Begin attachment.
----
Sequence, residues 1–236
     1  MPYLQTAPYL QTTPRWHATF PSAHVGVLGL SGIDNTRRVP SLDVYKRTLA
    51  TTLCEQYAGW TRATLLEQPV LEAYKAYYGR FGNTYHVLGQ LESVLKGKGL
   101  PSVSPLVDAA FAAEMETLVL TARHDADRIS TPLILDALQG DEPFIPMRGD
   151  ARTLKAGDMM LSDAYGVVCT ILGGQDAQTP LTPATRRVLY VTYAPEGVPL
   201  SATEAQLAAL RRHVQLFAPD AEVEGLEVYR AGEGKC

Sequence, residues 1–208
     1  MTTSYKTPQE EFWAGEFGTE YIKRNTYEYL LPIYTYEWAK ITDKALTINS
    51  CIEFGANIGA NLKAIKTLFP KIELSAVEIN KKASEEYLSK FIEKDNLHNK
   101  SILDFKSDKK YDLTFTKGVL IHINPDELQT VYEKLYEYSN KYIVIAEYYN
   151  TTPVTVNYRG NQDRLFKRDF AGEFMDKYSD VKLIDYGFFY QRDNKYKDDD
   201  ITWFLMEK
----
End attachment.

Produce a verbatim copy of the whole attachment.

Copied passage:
Sequence, residues 1–236
     1  MPYLQTAPYL QTTPRWHATF PSAHVGVLGL SGIDNTRRVP SLDVYKRTLA
    51  TTLCEQYAGW TRATLLEQPV LEAYKAYYGR FGNTYHVLGQ LESVLKGKGL
   101  PSVSPLVDAA FAAEMETLVL TARHDADRIS TPLILDALQG DEPFIPMRGD
   151  ARTLKAGDMM LSDAYGVVCT ILGGQDAQTP LTPATRRVLY VTYAPEGVPL
   201  SATEAQLAAL RRHVQLFAPD AEVEGLEVYR AGEGKC

Sequence, residues 1–208
     1  MTTSYKTPQE EFWAGEFGTE YIKRNTYEYL LPIYTYEWAK ITDKALTINS
    51  CIEFGANIGA NLKAIKTLFP KIELSAVEIN KKASEEYLSK FIEKDNLHNK
   101  SILDFKSDKK YDLTFTKGVL IHINPDELQT VYEKLYEYSN KYIVIAEYYN
   151  TTPVTVNYRG NQDRLFKRDF AGEFMDKYSD VKLIDYGFFY QRDNKYKDDD
   201  ITWFLMEK